There are two issues:
- How much we redistribute, i.e. how much goods and services the government offers to people without market income
- How we distribute, i.e. cash vs. in-kind benefits
Your last paragraph addresses (1), and here I agree that if we’re looking to maximize welfare per dollar, we should look to the poor in developing economies rather than the US, given they’re so much poorer. It’s why I give pretty much exclusively to GiveDirectly and Against Malaria Foundation, both of which focus on the extreme poor in Sub-Saharan Africa.
But concerns around how people will use cash, e.g. substance abuse, address (2). Here there’s no evidence that people use cash less responsibly than in-kind benefits, while there’s a mountain of evidence that in-kind benefits cost much more to administer, and in many cases people make better choices with cash than in-kind benefits.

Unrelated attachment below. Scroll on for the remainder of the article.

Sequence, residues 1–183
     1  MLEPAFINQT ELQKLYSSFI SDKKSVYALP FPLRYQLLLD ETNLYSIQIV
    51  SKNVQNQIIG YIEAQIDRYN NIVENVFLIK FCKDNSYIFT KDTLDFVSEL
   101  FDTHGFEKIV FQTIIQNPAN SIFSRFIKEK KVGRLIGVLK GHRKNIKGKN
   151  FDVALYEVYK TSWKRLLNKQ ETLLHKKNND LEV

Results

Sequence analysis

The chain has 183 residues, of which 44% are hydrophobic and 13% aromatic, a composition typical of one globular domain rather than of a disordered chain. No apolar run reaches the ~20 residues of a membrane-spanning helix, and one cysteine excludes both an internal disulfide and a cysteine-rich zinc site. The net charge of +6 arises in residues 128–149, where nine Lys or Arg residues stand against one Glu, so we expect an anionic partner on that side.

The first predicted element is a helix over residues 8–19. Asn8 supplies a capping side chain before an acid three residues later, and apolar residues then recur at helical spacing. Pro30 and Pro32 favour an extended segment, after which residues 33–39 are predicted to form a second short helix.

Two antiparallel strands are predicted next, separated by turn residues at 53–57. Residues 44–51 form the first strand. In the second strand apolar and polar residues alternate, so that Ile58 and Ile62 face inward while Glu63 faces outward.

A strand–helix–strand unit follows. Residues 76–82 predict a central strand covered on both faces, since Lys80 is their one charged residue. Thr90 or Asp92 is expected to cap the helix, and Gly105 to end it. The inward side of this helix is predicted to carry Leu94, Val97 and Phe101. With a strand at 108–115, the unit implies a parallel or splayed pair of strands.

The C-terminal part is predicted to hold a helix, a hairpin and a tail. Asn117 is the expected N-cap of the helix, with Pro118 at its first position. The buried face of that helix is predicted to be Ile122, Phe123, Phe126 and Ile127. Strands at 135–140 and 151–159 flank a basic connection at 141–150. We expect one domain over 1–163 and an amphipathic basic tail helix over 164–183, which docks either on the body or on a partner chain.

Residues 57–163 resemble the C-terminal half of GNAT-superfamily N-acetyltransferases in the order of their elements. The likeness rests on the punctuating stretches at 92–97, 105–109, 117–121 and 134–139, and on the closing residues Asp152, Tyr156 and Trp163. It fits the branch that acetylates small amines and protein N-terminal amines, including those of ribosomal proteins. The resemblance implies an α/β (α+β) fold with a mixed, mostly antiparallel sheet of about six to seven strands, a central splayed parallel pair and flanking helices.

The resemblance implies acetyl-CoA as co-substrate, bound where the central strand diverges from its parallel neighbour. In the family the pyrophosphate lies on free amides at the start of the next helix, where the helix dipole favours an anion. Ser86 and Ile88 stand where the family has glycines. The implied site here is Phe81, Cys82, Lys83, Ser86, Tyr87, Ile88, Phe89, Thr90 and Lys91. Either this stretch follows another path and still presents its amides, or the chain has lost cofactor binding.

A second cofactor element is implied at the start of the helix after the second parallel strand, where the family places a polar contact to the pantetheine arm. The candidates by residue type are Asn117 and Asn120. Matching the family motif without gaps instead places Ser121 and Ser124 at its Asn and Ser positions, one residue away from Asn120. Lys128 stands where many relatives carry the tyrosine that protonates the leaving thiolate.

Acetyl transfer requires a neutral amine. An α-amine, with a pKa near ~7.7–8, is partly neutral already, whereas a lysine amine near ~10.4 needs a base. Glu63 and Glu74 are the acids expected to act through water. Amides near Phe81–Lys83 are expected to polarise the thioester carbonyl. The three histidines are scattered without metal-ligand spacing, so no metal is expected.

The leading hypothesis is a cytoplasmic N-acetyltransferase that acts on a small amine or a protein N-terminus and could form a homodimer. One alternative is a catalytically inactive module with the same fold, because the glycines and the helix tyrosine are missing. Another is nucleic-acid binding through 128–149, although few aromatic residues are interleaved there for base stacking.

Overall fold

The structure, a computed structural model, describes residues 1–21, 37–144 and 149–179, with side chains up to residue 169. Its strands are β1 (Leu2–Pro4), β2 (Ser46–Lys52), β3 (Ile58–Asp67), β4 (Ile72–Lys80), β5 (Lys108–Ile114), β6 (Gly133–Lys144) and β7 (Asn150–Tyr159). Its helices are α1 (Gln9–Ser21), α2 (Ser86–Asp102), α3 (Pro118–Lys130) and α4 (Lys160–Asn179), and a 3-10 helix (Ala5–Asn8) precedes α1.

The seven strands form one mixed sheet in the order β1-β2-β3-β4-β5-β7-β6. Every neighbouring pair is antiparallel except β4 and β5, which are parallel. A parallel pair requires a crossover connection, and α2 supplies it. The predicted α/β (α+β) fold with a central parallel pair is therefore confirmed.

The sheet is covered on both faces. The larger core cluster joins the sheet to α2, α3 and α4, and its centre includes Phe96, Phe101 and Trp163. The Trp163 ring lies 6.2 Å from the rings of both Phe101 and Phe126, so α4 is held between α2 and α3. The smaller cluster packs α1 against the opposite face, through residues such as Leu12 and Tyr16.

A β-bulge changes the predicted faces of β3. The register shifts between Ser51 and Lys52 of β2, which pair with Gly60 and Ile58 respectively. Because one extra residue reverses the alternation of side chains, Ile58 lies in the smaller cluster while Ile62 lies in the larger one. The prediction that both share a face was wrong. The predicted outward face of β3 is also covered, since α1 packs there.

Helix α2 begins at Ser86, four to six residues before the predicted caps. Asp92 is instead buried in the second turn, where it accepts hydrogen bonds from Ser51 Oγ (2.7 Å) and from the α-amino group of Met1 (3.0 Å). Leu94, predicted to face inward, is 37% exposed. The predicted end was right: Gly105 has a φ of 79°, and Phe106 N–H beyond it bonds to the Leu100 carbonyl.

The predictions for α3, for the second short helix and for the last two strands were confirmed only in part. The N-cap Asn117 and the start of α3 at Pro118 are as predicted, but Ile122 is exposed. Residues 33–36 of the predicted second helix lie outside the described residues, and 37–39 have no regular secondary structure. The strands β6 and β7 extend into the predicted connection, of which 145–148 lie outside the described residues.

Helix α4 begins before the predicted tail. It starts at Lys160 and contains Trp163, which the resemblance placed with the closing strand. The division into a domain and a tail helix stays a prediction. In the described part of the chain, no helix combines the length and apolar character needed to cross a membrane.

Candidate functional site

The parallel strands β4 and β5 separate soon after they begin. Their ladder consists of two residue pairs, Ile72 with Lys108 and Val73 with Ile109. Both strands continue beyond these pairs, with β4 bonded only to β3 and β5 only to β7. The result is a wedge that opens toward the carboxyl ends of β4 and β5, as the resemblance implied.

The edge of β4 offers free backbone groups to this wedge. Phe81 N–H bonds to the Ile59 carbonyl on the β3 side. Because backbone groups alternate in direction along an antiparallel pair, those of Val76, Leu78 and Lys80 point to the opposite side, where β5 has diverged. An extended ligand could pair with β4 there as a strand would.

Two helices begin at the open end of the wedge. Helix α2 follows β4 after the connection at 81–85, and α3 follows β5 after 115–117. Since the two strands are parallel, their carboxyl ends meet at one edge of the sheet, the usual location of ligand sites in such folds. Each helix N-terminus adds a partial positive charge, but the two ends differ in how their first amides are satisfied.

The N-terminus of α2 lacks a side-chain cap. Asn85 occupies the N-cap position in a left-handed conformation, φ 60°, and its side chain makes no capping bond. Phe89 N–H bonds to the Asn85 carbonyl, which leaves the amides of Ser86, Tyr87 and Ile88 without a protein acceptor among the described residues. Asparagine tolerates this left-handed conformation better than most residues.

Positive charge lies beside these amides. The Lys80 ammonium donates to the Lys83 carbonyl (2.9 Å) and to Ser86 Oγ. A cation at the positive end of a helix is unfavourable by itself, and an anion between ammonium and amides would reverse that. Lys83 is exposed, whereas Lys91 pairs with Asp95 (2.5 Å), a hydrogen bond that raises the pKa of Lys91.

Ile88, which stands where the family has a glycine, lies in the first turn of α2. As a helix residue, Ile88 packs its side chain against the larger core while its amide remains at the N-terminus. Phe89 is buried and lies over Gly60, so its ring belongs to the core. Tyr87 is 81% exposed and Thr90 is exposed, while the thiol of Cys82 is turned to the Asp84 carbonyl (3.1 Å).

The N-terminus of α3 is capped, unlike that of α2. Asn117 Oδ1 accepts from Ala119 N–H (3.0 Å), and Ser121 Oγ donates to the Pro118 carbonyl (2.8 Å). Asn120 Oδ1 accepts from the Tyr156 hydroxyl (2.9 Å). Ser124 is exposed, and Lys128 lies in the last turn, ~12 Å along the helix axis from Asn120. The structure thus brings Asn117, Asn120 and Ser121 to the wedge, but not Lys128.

The basic income debate often gets into the realm of (1), but that’s a distraction. UBI doesn’t have to change the amount of redistribution; it does have to change the form. Many UBI advocates (including myself) would like to see more redistribution, but that’s a separate issue that can also be addressed by increasing budgets for programs like food stamps and Medicaid.